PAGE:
For some time, since the advent of groups claiming to be part of Anonymous started posting names, addresses, emails, and credit card information, I have considered that Anonymous as an entity or a concept can be so easily infiltrated, misrepresented, subverted or abused, it has long past the point of usefulness or validity within the original framework of “internet defenders for the greater good” and has inexorably devolved into “internet vigilantes for the lulz”. The whole central pillar of Anonymous is anonymity: there can be no identifiable individuals representing Anonymous. Ever. Once that happened, Anonymous was polluted as far as I am concerned.

Here’s that Hollywood-style arrest story:

New Zealand police on Friday seized a pink Cadillac and a sawn-off shotgun, and froze millions of dollars in cash, after a raid on the fortified mansion of an Internet guru accused of online piracy.

Armed officers swooped on an Auckland property occupied by “Kim Dotcom”, whose website Megaupload.com is alleged by US authorities to be involved in one of the largest cases of copyright theft ever.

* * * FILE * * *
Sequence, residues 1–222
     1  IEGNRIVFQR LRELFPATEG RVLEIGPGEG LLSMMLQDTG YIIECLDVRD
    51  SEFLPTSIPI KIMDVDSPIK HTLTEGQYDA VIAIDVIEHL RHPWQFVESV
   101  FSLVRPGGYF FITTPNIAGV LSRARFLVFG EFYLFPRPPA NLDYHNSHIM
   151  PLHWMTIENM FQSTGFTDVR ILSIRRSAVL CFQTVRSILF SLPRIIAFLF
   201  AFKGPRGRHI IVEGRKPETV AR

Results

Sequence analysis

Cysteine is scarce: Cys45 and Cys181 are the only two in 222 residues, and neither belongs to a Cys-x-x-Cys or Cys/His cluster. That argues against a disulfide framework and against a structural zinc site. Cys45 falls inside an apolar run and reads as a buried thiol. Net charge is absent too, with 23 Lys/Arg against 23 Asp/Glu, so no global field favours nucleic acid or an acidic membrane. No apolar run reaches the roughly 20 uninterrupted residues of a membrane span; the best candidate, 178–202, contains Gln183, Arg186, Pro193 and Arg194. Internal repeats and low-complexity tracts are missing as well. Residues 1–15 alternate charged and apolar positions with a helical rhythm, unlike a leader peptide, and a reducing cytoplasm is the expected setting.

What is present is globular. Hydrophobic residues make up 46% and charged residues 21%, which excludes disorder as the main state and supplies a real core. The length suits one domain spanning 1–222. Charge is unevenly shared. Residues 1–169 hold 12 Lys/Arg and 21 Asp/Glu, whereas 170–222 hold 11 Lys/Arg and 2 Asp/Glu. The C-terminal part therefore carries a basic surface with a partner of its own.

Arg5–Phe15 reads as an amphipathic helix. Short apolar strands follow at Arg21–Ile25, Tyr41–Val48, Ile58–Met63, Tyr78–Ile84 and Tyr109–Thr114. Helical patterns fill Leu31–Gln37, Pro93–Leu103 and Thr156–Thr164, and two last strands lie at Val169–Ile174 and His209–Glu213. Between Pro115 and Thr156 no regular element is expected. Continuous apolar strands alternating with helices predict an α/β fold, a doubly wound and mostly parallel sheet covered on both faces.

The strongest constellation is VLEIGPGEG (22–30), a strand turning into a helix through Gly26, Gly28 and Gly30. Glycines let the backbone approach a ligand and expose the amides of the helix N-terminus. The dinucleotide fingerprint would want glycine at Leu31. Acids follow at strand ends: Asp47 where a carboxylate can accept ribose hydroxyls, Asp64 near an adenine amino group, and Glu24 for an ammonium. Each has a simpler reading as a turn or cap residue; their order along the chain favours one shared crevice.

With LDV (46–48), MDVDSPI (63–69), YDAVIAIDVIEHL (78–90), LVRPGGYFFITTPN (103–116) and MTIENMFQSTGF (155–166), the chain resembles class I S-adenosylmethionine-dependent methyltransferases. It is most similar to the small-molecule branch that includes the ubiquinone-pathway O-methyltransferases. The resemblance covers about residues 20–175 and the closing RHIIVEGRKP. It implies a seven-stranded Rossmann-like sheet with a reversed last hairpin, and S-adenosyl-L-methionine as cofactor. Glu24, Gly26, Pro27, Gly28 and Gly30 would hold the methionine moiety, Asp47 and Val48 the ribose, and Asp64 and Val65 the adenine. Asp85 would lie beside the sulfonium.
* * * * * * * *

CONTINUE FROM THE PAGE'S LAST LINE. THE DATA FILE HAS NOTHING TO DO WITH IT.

Dotcom, also known as Kim Schmitz, a 37-year-old German [some say Dutch] citizen with New Zealand and Hong Kong residency, was denied bail with three other men on Friday when they appeared in an Auckland district court, police said.

According to New Zealand reports, Dotcom’s lawyer initially objected to media requests to take photographs and video inside the courtroom. But the accused said he did not mind “because we have nothing to hide”.

In a statement, police said they raided 10 Auckland premises, including the Megaupload founder’s property known as Dotcom Mansion, after liaising with US authorities.

In addition, police said NZ$11 million in cash held in New Zealand financial accounts was frozen pending the outcome of legal proceedings.